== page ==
An air ambulance service in Bozeman announced Friday that it was closing its operations, citing low reimbursement rates from Medicare and Medicaid.

Reach Air Medical Services said in a news release that the decision follows months of consideration by the organization’s leaders.

Vicky Spediacci, air chief operating officer for Global Medical Response, which oversees Reach, said the company “had sincere hopes that we could persist through increasing pressure being placed on the air medical industry.”

“But as we continued to examine the impact of low reimbursement rates from Medicare and Medicaid, we had to make the difficult decision to close our Bozeman base,” she said.

The news release said Medicare covers 50% of the cost of flying someone to a hospital, and, in Montana, Medicaid covers less than that.

It said Congress has shifted costs to non-government insured patients to make up for Medicare and Medicaid patients. The company said that “failed policy” has placed a strain on the emergency medical service systems and is now forcing hospitals and emergency air providers to close operations.

The company’s transition out of the area, it said in the news release, would not impact services provided by American Medical Response, the company’s ambulance provider.

Gallatin County Sheriff Brian Gootkin said he’s not worried about the closure, and that search and rescue has numerous helicopters it uses to help people in need.

Brian Sprenger, Bozeman Yellowstone International Airport Director, said he wasn’t aware that the air ambulance was leaving. He said 10 years ago the region didn’t have any air ambulances, and now, with Life Flight, Bozeman had two transport services.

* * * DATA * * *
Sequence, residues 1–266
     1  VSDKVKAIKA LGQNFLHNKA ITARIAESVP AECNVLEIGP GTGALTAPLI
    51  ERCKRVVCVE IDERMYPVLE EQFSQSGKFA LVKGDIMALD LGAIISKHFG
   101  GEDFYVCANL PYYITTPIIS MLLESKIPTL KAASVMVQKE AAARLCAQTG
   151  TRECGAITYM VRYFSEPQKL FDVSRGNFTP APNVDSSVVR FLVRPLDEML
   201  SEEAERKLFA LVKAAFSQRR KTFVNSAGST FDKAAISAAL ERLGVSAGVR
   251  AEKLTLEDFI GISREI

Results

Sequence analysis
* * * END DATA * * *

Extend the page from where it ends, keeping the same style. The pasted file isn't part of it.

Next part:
“With all the added competition, we often find there’s not enough business for two,” Sprenger said.

In May 2015, Reach Air Medical Services acquired Summit Air Ambulance, which had been operating in Bozeman for three years. Since then, the company has had one helicopter based in Bozeman.

The air ambulance covered Great Falls, Anaconda and Billings and stretched into Yellowstone National Park, Rexburg, Idaho, and Cody, Wyoming, according to the company’s website.

In November 2018, the company closed its base in Helena and said the evolving health care market in the state made it hard to sustain its operations there, the Associated Press reported.

Freddy Monares can be reached at fmonares@dailychronicle.com or at 406-582-2630.

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